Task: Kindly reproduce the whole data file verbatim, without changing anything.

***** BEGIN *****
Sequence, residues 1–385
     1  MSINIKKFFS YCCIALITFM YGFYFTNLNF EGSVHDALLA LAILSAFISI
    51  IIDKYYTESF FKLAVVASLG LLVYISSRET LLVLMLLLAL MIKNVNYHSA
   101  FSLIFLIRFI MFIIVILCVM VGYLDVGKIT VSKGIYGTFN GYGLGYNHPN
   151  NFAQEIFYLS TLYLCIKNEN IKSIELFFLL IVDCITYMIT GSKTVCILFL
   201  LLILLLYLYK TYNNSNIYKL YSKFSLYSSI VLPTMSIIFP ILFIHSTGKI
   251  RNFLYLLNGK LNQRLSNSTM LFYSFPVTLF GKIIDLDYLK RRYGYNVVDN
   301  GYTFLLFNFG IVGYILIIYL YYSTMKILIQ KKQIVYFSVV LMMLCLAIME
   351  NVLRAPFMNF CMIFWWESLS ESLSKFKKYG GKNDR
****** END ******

Sequence, residues 1–385
     1  MSINIKKFFS YCCIALITFM YGFYFTNLNF EGSVHDALLA LAILSAFISI
    51  IIDKYYTESF FKLAVVASLG LLVYISSRET LLVLMLLLAL MIKNVNYHSA
   101  FSLIFLIRFI MFIIVILCVM VGYLDVGKIT VSKGIYGTFN GYGLGYNHPN
   151  NFAQEIFYLS TLYLCIKNEN IKSIELFFLL IVDCITYMIT GSKTVCILFL
   201  LLILLLYLYK TYNNSNIYKL YSKFSLYSSI VLPTMSIIFP ILFIHSTGKI
   251  RNFLYLLNGK LNQRLSNSTM LFYSFPVTLF GKIIDLDYLK RRYGYNVVDN
   301  GYTFLLFNFG IVGYILIIYL YYSTMKILIQ KKQIVYFSVV LMMLCLAIME
   351  NVLRAPFMNF CMIFWWESLS ESLSKFKKYG GKNDR